Alex Ryan, Stop That!

West Creek Middle School Series (Volume 4)

Claudia Mills

Farrar, Straus and Giroux

Alex Ryan, Stop That!
ALEX RYAN TOOK THE LAST SEAT in the back row of the West Creek Middle School multipurpose room. It was the perfect seat. He would be able to make all the funny comments he wanted to the other seventh graders, well out of hearing of any parents or teachers. And he would be as far as possible from his dad. Alex’s dad always chose the center of the first row so that when he made his own comments he could stand up and turn around to address the entire audience. Alex hoped his dad wasn’t going to make any comments tonight. But he knew his dad would. He always did.
The West Creek principal, Dr. Stanley, walked up to the microphone. “Good evening, parents, West Creek seventh graders,” he said. The mike wasn’t working right, so his last words were drowned in a deafening high-pitched squeal.
“I guess he didn’t get his Ph.D. in audiovisual,” Alex said.
Sitting in front of him, Marcia Faitak giggled. She was an extremely pretty girl, with wavy dark hair and large blue eyes. Tonight, however, Alex could see that she had a pimple on her forehead that was covered by pink stuff and the artful arrangement of her bangs.
The music teacher hurried over to adjust something on the sound system.
“Let’s try this again,” Dr. Stanley said. “Good evening, parents, West Creek seventh graders. Can everybody hear me?”
“Yes,” some of the parents chorused.
“No!” Alex called out, though the mike was now working just fine. He couldn’t resist seeing what would happen. As a few parents turned around to see who had spoken, Alex put on an expression of dumb bewilderment. The two boys sitting closest to Alex, Ethan Winfield and Julius Zimmerman, were obviously trying not to laugh out loud. Dave Barnett gave a satisfying guffaw.
The music teacher stepped up to adjust the mike again.
“Is that better?” Dr. Stanley asked.
“Too loud!” a parent shouted.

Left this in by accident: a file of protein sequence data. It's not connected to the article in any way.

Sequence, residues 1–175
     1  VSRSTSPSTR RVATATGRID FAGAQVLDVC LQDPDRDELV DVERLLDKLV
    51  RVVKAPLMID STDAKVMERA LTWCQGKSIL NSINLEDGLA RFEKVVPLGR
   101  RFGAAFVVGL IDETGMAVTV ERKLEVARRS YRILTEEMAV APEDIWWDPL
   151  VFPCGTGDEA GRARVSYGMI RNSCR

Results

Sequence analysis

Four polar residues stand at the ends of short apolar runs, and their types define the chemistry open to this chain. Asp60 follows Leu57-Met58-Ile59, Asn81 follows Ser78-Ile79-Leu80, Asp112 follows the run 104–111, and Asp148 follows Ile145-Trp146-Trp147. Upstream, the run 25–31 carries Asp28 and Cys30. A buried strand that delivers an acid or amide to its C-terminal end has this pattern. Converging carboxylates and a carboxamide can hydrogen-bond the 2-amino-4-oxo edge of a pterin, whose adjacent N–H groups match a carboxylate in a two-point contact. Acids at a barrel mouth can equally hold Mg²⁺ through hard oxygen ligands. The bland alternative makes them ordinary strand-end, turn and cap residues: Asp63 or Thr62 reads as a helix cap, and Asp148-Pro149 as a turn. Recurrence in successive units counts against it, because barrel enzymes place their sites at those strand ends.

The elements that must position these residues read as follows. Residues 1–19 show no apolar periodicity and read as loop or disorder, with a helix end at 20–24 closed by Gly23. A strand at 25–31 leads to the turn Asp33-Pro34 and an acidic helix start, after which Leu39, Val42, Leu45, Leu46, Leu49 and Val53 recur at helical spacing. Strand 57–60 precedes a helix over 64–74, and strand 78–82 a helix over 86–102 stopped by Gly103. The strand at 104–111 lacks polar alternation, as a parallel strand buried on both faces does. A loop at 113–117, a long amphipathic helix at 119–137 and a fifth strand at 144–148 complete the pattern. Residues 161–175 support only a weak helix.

“How’s this?” Dr. Stanley asked.
“Good!” The parents were sounding a bit impatient.
Alex restrained the urge to yell, “I still can’t hear!” Sometimes he and Dave competed with each other to see how much class time they could waste with worthless comments, but Alex didn’t think he could get away with any more right now.
“What?” Alex asked, just loudly enough for the back corner to hear. “Could you repeat the question?”
Dave burst out laughing and Marcia giggled again, but Alex thought Ethan and Julius were starting to look annoyed. They were best friends and reacted the same way to most things. Maybe the joke was becoming a bit stale. Alex decided to listen to what Dr. Stanley was trying to say.
“It is my pleasure to welcome you all to information night for the seventh-grade outdoor ed experience,” Dr. Stanley went on. “In less than two weeks we’ll be off to Elliot Ranch, from May twentieth to May twenty-third, for four days in the beauty of Colorado’s high country. The seventh-grade teachers are all coming with us—I think they’re starting to get some extra sleep, in preparation.”
Some of the parents laughed.
“So are we,” Alex said. “During math class.”
Dave joined in with a long, loud snore. The snore was an extra good one, and a number of the seventh graders burst out laughing. Alex was glad to see that Ethan and Julius were laughing this time, too.
“Every part of the curriculum has been integrated into outdoor ed this year,” Dr. Stanley said, sending a warning glance their way. “We’ll be collecting soil and water samples: science. Graphing our results: mathematics. Looking at ancient Indian ruins: social studies. Keeping nature journals: English, art. Have I missed anything? Oh, the kids are studying first aid in their family-living classes, which I hope they won’t need. And recipes for large-group cooking, which I know they will need. Our hikes will serve as P.E.”